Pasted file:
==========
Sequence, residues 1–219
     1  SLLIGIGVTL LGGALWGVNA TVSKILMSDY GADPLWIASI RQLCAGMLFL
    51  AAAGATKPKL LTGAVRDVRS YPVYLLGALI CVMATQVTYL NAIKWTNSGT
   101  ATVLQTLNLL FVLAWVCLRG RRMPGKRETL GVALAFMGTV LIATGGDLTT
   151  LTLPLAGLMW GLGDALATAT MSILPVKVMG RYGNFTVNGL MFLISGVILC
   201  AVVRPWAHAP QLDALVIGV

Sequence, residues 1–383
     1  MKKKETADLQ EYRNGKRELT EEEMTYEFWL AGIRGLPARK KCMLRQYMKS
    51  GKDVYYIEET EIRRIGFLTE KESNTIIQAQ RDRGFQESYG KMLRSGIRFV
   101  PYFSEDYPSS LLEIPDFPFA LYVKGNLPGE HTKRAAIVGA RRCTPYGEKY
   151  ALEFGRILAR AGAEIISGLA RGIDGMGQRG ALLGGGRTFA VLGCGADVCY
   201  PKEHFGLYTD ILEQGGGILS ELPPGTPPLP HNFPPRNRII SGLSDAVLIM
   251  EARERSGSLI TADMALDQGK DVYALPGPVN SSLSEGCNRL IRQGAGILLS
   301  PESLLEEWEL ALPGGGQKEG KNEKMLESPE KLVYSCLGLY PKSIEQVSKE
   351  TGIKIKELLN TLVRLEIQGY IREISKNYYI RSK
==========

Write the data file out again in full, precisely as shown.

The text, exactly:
Sequence, residues 1–219
     1  SLLIGIGVTL LGGALWGVNA TVSKILMSDY GADPLWIASI RQLCAGMLFL
    51  AAAGATKPKL LTGAVRDVRS YPVYLLGALI CVMATQVTYL NAIKWTNSGT
   101  ATVLQTLNLL FVLAWVCLRG RRMPGKRETL GVALAFMGTV LIATGGDLTT
   151  LTLPLAGLMW GLGDALATAT MSILPVKVMG RYGNFTVNGL MFLISGVILC
   201  AVVRPWAHAP QLDALVIGV

Sequence, residues 1–383
     1  MKKKETADLQ EYRNGKRELT EEEMTYEFWL AGIRGLPARK KCMLRQYMKS
    51  GKDVYYIEET EIRRIGFLTE KESNTIIQAQ RDRGFQESYG KMLRSGIRFV
   101  PYFSEDYPSS LLEIPDFPFA LYVKGNLPGE HTKRAAIVGA RRCTPYGEKY
   151  ALEFGRILAR AGAEIISGLA RGIDGMGQRG ALLGGGRTFA VLGCGADVCY
   201  PKEHFGLYTD ILEQGGGILS ELPPGTPPLP HNFPPRNRII SGLSDAVLIM
   251  EARERSGSLI TADMALDQGK DVYALPGPVN SSLSEGCNRL IRQGAGILLS
   301  PESLLEEWEL ALPGGGQKEG KNEKMLESPE KLVYSCLGLY PKSIEQVSKE
   351  TGIKIKELLN TLVRLEIQGY IREISKNYYI RSK